Great review! I like the concept of time travel in this one and the rules. I have heard a lot of the same things about this one, mostly ‘meh’ but I think I might still check it out when I get time (no pun intended). 🙂

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Kathy @ Pages Below the Vaulted Sky November 3, 2018 - 9:57 am

For a 500+ page book it’s a super quick read so I think it’s definitely worth checking out!

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sjhigbee October 28, 2018 - 11:19 pm

I really enjoy time travelling stories and I thought your review wasn’t so much mini as excellent… Thank you for sharing:)

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maxinesobsessions October 29, 2018 - 1:19 pm

I wasn’t sure if I would like this as I don’t really enjoy time travel stories, they confuse me. But I liked this one. I did think it could have been shorter, but I was ready to pick it up again the next time I was ready to read.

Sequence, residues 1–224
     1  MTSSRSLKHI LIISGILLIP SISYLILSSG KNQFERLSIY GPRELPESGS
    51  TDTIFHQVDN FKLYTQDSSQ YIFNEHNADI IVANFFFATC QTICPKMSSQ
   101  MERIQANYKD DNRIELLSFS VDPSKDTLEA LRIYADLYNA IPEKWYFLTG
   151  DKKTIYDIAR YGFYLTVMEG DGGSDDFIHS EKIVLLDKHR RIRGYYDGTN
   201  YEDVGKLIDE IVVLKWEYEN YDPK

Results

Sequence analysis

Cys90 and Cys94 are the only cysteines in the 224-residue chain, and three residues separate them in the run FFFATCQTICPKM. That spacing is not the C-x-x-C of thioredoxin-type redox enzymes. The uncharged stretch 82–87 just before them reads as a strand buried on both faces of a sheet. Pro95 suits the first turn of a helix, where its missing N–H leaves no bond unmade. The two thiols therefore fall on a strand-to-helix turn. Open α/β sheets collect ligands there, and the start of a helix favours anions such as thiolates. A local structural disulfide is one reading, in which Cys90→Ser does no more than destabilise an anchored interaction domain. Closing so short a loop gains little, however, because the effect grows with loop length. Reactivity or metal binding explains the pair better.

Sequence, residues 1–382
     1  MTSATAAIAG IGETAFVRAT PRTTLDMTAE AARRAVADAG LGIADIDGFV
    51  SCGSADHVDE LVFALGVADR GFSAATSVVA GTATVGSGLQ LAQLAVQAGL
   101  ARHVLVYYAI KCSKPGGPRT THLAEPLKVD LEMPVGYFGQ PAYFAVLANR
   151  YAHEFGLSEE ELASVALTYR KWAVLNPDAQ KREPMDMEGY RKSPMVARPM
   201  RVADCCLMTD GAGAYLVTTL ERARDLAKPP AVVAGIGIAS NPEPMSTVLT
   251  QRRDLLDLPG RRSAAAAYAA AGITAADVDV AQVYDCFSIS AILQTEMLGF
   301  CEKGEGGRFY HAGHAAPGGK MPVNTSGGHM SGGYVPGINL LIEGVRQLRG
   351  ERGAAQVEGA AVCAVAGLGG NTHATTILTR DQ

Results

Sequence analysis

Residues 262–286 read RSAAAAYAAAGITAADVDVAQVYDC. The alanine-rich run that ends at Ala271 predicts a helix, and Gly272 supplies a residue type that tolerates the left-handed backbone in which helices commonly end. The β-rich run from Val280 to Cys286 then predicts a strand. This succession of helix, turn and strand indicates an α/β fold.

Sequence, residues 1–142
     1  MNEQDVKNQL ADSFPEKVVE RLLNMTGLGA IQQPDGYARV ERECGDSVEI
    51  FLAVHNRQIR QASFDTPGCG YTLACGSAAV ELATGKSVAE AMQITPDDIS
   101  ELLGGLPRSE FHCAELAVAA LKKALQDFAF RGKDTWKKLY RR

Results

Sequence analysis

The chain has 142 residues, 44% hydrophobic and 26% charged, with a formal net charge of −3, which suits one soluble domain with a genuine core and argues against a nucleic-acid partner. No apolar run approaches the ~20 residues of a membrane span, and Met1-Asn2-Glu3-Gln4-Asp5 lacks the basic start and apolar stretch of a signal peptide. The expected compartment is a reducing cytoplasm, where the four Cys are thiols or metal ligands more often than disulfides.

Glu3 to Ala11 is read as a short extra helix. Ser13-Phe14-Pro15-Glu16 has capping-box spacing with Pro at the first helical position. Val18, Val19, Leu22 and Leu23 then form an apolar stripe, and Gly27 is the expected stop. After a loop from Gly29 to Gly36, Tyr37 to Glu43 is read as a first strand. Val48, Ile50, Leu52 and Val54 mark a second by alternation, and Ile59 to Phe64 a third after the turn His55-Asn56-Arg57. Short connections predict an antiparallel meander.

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Kathy @ Pages Below the Vaulted Sky November 3, 2018 - 9:53 am

It did feel a tad too lengthy, but I feel like it didn’t take me as long to finish it as say…The Phoenix Empress. 😛

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maxinesobsessions November 4, 2018 - 2:57 am

Any book seems short after The Phoenix Empress lol

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@lynnsbooks October 31, 2018 - 12:38 pm